…Production at 2.3 million b/d: NNPC’s Kyari
…Ready to make ‘sacrifices’ and join new oil supply pact
…Export terminals in operation but cargo glut persists
Nigeria has started to ramp up crude oil production, the head of the state-owned Nigerian National Petroleum Corp. said Tuesday, even as the country has been struggling to find buyers with COVID-19 having destroyed demand around the globe.
“As of Monday, Nigeria produced 2.3 million barrels of crude oil, including condensates,” Mele Kyari, NNPC Group Managing Director, said in a statement.
That came a week after the March 31 expiry of a deal between OPEC and allies to limit output to support prices. On March 6, the parties failed to agree a rollover deal to combat the impact of the coronavirus pandemic.
Since April 1, OPEC members have been able to adopt a pump-at-will strategy in the wake of a 70% fall in oil prices.
OPEC and its allies are in the midst of coordinating new output cuts with the help of other oil producers such as the US, Canada and the US. A webinar meeting is scheduled for Thursday.
Nigeria’s petroleum ministry said it “is prepared to join the rest of the world in making the necessary sacrifices needed to stabilize the crude oil market; and to prevent what is likely to be a major global economic meltdown.”
Nigeria, Africa’s top oil producer, was not totally compliant with its quotas in the recent OPEC/non-OPEC agreements, according to data from the Platts OPEC Survey.
The country has found it hard to curtail its output under the OPEC quotas due to the 205,000 b/d Egina field, which started up in December 2018.
Kyari said all Nigeria’s export terminals were still operating despite COVID-19.
The main impact from the pandemic on Nigeria’s oil sector has been on the demand side. Nigerian crude has been struggling to find ample demand in this crisis, Kyari said.
Nigeria had to slash the official selling price for its crudes to a record low in April to compete with other crudes
Trading sources have said there were around 15 million-20 million barrels of Nigerian crude unsold in April, around 25% of its total oil exports.
Kyari said prices were not expected to go below the $20/b they approached last week. “I am certain, all things being equal, oil price will bounce back,” he said, adding Nigeria’s crude remained the target of refiners in Europe and Asia.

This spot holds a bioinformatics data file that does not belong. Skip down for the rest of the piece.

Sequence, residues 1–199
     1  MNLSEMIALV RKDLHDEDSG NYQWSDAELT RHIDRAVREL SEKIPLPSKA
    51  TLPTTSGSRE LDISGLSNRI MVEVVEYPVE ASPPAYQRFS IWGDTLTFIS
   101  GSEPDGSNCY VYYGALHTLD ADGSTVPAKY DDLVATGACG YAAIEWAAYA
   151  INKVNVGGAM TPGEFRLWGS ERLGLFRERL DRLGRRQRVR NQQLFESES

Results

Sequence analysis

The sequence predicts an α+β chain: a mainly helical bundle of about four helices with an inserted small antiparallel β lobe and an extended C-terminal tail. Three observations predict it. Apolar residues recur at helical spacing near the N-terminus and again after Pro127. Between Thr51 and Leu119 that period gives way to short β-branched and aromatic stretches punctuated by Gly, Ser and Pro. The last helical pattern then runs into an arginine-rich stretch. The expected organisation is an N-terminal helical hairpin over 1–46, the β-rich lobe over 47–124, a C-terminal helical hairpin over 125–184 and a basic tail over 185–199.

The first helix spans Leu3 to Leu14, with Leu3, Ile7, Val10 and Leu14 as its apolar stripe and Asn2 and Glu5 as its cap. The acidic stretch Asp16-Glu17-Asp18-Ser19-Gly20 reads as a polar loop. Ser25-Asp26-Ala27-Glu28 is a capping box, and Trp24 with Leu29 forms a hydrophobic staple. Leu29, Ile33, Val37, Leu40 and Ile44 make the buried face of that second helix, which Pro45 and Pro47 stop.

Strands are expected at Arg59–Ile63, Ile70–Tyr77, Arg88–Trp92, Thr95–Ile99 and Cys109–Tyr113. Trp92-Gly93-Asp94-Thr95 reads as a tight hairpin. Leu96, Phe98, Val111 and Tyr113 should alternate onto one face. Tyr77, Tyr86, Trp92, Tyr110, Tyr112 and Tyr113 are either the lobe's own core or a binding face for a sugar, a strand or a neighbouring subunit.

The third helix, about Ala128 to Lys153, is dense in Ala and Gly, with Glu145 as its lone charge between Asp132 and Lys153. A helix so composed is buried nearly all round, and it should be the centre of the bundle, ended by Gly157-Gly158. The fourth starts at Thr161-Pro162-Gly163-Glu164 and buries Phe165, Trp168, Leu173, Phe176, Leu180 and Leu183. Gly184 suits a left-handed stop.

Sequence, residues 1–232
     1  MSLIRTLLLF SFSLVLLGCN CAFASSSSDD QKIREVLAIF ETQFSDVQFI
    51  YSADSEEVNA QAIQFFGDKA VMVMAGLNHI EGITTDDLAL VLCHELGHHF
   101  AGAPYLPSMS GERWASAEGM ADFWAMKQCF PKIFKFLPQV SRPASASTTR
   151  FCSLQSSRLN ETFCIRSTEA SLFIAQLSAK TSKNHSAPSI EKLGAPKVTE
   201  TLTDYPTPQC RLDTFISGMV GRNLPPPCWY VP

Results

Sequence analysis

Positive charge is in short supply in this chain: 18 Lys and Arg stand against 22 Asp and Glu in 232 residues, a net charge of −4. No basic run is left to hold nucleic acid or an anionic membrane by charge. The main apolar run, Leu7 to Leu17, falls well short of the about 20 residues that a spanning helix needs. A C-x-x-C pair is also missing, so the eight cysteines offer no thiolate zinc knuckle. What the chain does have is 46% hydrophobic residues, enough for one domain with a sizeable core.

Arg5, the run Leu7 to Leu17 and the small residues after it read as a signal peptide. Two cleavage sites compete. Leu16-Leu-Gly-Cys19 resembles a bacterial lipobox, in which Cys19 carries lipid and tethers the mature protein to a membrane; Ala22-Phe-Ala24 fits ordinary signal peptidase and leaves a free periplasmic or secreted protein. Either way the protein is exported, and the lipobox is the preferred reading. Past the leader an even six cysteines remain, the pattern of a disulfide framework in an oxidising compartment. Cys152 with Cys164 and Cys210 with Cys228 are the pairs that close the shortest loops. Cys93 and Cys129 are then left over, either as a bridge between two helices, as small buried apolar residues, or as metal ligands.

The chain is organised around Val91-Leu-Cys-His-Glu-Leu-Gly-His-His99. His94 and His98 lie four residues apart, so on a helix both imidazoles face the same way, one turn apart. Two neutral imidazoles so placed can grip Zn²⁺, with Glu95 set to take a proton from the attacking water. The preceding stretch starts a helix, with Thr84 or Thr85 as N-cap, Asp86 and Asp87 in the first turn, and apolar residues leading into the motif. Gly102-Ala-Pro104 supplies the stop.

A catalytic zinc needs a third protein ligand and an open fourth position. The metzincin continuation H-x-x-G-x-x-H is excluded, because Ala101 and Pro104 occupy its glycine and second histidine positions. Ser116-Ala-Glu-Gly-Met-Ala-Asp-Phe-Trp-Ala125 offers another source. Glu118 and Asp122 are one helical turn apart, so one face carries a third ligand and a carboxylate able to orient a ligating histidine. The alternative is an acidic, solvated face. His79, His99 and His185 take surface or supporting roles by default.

“The key issue in crude oil business is market fundamentals of demand/supply. I believe COVID-19 will subside and countries will come back to life.”
Nigeria’s crude oil is light and sweet — low in sulfur and with a good yield of diesel, gasoline and jet fuel, which are the most profitable products for global refineries.
But with demand for petrol and jet fuel in the doldrums, Nigerian crude values have plunged dramatically. Bonny Light was assessed at a discount of $4.85/b to Dated Brent on Wednesday, its lowest level since at least July 2001.
At the start of the year, Bonny Light was trading at a premium of $1.70/b to Dated Brent, Platts data showed.
The OPEC member is hoping to cut its benchmark oil price assumption in its budget to $30/b from $57/b following recent events.
Kyari said Nigeria had 2.6 billion liters of petrol in stock which would serve the country’s needs for the next two months, with no disruptions expected in its supply and distribution value chains.
Gasoline demand in Nigeria has fallen sharply as parts of the country have been in lockdown since last week.
Nigeria, typically consumes 1 million-1.25 million mt of gasoline per month.
Last week, Nigeria cut its domestic pump price for petrol for the second time in a month to Naira 123.50/liter (33 cents/liter) — one of the lowest prices globally — from Naira 145/liter early March.
The regulator Petroleum Products Pricing Regulatory Agency, which sets domestic pump prices, has said that prices would be reviewed monthly and adjusted depending on fundamentals in the international market.
Nigeria had maintained a capped pump price of gasoline, which is bought on the wholesale market on a dollar-denominated basis, at Naira 145/liter since May 2016. The government then pays a subsidy — the difference between the landing cost and the regulated pump price.
Nigeria imports almost all the gasoline it consumes locally due to the poor performance of the four state-owned refineries.